24 January 2014

This month the Portuguese Parliament backed a new asylum law transposing the Qualifications Directive, Asylum Procedures Directive and Receptions Conditions Directive.

The Portuguese Refugee Council (CPR) has expressed concern that the draft asylum law is a setback for the protection of the rights of persons seeking protection in Portugal. “It seems that [the Government] used the transposition of European directives as an opportunity to reduce safeguards for refugees and make the law more restrictive”, stated Teresa Tito de Morais, CPR’s President.

If the draft law is adopted, second appeals against negative asylum decisions will no longer have a suspensive effect in certain cases and therefore persons may be subject to removal pending their appeal proceedings. In the proposed law, the situations according to which asylum seekers can be detained for up to 60 days have also been expanded. Furthermore, according to the draft law, the CPR will no longer have mandatory advisory and supervisory role during the asylum procedure as it is clearly stated in the current and previous law.

In particular, the second appeal against a negative asylum decision will not have suspensive effect for asylum seekers who claim asylum at the border and for asylum seekers who appeal against a decision of being sent back to another Member State under the Dublin Regulation.

Opposing the proposal, the CPR has argued that sending asylum seekers back to their country of origin while they appeal against a negative decision on their case may cause irreversible damages and risks violating the principle of non-refoulement, which protects refugees from being returned to countries where they risk persecution.

“Asylum seekers who apply at the border had already less safeguards because their applications are examined under an accelerated procedure. This proposal is leaving them in an even more vulnerable position by not suspending their deportation in case of appeal”, explained Mónica Farinha, CPR’s Legal Office Coordinator, to the ECRE Weekly Bulletin.

Regarding the provisions on detention, currently in Portugal only asylum seekers who seek asylum at the border can be placed in closed centres at the international areas of airports for a maximum of five days while an initial decision is made on their admissibility. If the draft law is adopted, asylum seekers may be detained with the purpose of determining their identity and nationality or if the authorities consider that there is risk of the applicant absconding.

Furthermore, under the proposed law, applicants may also be placed in detention while the authorities determine which Member State is responsible for examining their application under the Dublin Regulation.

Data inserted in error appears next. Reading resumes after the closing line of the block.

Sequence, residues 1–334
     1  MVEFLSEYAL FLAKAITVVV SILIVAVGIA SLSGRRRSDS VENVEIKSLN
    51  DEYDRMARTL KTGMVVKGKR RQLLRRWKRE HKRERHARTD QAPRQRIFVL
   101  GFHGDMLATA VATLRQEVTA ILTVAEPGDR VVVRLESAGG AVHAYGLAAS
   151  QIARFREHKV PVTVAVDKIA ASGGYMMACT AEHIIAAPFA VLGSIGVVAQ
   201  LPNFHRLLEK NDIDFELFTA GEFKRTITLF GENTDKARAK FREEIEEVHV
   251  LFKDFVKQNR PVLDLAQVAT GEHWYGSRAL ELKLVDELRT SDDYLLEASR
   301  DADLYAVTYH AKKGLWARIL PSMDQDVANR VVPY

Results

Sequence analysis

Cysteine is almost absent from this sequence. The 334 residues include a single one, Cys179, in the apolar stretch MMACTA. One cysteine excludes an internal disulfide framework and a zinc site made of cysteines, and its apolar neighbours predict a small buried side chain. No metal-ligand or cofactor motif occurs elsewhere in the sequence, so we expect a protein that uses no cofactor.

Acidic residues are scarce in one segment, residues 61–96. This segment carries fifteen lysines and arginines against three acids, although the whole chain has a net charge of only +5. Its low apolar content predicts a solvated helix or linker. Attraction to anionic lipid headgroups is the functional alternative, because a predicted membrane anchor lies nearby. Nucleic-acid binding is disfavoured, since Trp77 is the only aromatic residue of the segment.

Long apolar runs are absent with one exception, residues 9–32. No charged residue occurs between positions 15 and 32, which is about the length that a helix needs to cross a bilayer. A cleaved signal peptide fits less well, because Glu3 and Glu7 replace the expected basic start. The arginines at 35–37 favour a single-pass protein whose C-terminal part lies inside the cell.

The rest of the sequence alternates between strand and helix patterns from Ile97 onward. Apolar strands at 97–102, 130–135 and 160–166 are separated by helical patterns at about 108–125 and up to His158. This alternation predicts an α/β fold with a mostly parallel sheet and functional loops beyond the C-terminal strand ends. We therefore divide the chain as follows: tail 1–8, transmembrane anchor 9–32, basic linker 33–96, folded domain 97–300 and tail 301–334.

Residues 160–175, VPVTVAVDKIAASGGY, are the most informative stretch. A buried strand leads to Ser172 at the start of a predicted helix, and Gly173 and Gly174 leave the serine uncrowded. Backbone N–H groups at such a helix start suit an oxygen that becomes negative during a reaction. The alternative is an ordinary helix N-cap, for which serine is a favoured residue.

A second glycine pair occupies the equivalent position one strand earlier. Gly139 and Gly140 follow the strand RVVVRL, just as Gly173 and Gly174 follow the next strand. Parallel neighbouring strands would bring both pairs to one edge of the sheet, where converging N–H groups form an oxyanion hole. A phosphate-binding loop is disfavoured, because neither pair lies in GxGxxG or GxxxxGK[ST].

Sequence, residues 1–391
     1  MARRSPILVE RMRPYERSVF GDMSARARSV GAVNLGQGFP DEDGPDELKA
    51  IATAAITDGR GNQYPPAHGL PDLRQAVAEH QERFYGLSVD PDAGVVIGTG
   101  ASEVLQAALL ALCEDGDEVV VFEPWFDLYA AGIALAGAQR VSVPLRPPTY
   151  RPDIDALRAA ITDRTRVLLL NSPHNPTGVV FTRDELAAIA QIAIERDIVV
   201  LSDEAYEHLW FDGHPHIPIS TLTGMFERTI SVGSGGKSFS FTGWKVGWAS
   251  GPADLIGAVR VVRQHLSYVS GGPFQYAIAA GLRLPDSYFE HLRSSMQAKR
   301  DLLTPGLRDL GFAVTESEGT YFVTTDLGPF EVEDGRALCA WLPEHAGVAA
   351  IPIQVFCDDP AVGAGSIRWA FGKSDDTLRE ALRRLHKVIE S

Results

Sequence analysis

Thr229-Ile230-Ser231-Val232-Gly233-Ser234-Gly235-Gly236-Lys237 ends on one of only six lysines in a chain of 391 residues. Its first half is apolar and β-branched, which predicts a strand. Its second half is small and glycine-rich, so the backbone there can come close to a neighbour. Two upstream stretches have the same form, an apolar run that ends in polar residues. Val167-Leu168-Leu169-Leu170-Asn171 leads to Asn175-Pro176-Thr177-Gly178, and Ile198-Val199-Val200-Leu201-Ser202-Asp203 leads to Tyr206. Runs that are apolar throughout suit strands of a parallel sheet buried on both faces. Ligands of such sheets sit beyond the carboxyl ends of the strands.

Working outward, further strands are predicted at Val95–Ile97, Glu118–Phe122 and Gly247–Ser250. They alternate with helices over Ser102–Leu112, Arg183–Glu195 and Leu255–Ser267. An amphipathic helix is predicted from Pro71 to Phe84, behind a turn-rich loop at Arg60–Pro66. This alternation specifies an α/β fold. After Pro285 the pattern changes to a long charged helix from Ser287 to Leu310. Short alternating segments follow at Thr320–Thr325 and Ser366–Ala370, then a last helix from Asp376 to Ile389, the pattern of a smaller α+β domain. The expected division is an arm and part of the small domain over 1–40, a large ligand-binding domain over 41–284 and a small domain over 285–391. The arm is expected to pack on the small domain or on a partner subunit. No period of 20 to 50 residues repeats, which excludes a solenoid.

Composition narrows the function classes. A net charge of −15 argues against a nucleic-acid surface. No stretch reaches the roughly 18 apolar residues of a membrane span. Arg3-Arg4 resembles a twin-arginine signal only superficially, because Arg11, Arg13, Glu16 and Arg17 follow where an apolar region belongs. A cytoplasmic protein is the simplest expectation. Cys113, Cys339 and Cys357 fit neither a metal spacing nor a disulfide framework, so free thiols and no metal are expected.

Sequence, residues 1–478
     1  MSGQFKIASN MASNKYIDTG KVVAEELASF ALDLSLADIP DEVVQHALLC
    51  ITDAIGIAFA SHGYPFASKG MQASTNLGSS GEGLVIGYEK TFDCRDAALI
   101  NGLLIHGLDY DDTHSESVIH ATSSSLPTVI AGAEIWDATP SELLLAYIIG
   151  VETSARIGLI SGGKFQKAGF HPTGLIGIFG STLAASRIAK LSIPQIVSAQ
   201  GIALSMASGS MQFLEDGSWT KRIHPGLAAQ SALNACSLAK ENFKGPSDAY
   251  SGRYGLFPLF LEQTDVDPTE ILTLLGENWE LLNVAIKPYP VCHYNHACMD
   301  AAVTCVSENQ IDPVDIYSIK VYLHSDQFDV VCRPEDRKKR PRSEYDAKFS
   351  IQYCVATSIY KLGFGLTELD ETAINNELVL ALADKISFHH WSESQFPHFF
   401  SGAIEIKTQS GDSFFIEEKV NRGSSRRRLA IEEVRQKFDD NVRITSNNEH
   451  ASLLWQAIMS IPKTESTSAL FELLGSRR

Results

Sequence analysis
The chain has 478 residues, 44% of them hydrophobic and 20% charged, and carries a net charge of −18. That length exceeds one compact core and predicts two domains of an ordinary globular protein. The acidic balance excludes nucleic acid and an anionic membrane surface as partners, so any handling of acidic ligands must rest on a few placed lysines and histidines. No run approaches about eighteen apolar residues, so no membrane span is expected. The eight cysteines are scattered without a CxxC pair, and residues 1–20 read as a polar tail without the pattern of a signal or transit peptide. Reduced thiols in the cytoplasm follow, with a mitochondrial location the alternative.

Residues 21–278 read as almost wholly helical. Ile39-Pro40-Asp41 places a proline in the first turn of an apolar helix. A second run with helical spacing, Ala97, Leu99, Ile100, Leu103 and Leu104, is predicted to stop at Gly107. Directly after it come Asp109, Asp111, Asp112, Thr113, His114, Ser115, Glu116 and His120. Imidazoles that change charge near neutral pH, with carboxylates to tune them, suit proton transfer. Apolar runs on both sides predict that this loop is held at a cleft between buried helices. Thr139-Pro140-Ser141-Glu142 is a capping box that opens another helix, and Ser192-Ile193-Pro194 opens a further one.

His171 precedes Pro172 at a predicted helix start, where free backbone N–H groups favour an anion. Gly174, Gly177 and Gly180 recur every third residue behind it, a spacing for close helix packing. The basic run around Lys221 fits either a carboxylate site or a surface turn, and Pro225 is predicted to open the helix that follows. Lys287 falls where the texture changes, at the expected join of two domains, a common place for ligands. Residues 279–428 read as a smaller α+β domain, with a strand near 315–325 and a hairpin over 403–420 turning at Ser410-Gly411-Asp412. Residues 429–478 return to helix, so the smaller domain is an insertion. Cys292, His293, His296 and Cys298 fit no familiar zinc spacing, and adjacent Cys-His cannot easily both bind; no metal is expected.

“According to the current law, asylum seekers can be detained at the border, but the authorities would always assess their vulnerability and would not keep any minors, families or pregnant women detained. This proposal is opening Pandora’s box and nearly all asylum seekers could be detained if terms such as “risk of absconding” are not well defined. Also, asylum seekers arriving in the country often do not bring their documentation, but that should not be a reason to detain them”, stressed Mónica Farinha.

According to CPR, the trend of increasingly detaining asylum seekers “promotes regrettable stereotypes and prejudices associating seeking refuge to committing a crime and asylum seekers to criminals”.

Regarding CPR’s role in Portugal’s asylum system, the new law no longer expressively states that the CPR is UNHCR’s implementing partner in Portugal. Under the proposed law, the intervention of the CPR in asylum cases will now depend on the will of the asylum seeker. According to the CPR, asylum seekers are in a vulnerable situation upon their arrival and in a natural state of distrust and might not want to accept the help of an unknown organisation.

The National Commission for Data Protection has also pointed out “that all the EU directives being transposed foresee the possibility of maintaining more favourable provisions, as long as there are compatible [with EU law]”. The Commission stresses that the law should not be modified as it is a “good example of legislative practice”.

Before becoming law, the draft will be discussed by the Parliament’s Commission on Constitutional Affairs, Rights and Liberties and may still be modified. The CPR and Amnesty International Portugal have this week been heard by the Commission and presented their disappointment and concern regarding this proposal. 


This article originally appeared in the ECRE Weekly Bulletin of 24 January 2014
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